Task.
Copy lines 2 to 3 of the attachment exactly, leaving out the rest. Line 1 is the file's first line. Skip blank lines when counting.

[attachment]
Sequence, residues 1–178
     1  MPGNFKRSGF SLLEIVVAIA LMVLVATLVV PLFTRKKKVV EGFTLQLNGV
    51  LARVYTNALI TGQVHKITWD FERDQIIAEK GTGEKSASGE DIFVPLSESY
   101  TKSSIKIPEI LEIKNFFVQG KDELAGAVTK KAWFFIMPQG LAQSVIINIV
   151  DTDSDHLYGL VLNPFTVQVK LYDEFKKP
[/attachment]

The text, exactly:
     1  MPGNFKRSGF SLLEIVVAIA LMVLVATLVV PLFTRKKKVV EGFTLQLNGV
    51  LARVYTNALI TGQVHKITWD FERDQIIAEK GTGEKSASGE DIFVPLSESY